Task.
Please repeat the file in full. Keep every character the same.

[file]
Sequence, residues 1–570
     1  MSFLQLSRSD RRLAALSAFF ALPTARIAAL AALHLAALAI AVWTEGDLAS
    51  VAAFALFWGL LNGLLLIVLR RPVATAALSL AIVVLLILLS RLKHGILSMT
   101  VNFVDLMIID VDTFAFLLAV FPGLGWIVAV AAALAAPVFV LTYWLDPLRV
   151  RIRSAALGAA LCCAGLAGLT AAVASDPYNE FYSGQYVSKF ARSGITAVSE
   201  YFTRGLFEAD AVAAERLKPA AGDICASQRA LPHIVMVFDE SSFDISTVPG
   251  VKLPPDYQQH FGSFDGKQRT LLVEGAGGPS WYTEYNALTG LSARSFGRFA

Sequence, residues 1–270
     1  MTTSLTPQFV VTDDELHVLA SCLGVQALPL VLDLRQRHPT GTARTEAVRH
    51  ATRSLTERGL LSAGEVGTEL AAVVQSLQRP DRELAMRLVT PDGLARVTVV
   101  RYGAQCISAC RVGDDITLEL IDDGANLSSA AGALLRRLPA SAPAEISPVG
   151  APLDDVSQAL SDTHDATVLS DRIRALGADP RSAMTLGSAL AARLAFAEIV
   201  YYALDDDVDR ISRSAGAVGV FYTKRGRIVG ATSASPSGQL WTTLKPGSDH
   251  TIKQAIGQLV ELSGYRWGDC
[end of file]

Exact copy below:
Sequence, residues 1–570
     1  MSFLQLSRSD RRLAALSAFF ALPTARIAAL AALHLAALAI AVWTEGDLAS
    51  VAAFALFWGL LNGLLLIVLR RPVATAALSL AIVVLLILLS RLKHGILSMT
   101  VNFVDLMIID VDTFAFLLAV FPGLGWIVAV AAALAAPVFV LTYWLDPLRV
   151  RIRSAALGAA LCCAGLAGLT AAVASDPYNE FYSGQYVSKF ARSGITAVSE
   201  YFTRGLFEAD AVAAERLKPA AGDICASQRA LPHIVMVFDE SSFDISTVPG
   251  VKLPPDYQQH FGSFDGKQRT LLVEGAGGPS WYTEYNALTG LSARSFGRFA

Sequence, residues 1–270
     1  MTTSLTPQFV VTDDELHVLA SCLGVQALPL VLDLRQRHPT GTARTEAVRH
    51  ATRSLTERGL LSAGEVGTEL AAVVQSLQRP DRELAMRLVT PDGLARVTVV
   101  RYGAQCISAC RVGDDITLEL IDDGANLSSA AGALLRRLPA SAPAEISPVG
   151  APLDDVSQAL SDTHDATVLS DRIRALGADP RSAMTLGSAL AARLAFAEIV
   201  YYALDDDVDR ISRSAGAVGV FYTKRGRIVG ATSASPSGQL WTTLKPGSDH
   251  TIKQAIGQLV ELSGYRWGDC